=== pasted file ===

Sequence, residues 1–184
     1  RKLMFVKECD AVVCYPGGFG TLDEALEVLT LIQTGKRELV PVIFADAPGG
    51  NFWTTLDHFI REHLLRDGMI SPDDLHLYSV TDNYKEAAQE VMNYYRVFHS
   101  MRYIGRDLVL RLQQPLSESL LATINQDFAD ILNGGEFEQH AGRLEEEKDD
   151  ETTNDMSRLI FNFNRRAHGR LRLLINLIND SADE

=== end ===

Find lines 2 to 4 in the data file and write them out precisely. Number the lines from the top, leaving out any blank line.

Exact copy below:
     1  RKLMFVKECD AVVCYPGGFG TLDEALEVLT LIQTGKRELV PVIFADAPGG
    51  NFWTTLDHFI REHLLRDGMI SPDDLHLYSV TDNYKEAAQE VMNYYRVFHS
   101  MRYIGRDLVL RLQQPLSESL LATINQDFAD ILNGGEFEQH AGRLEEEKDD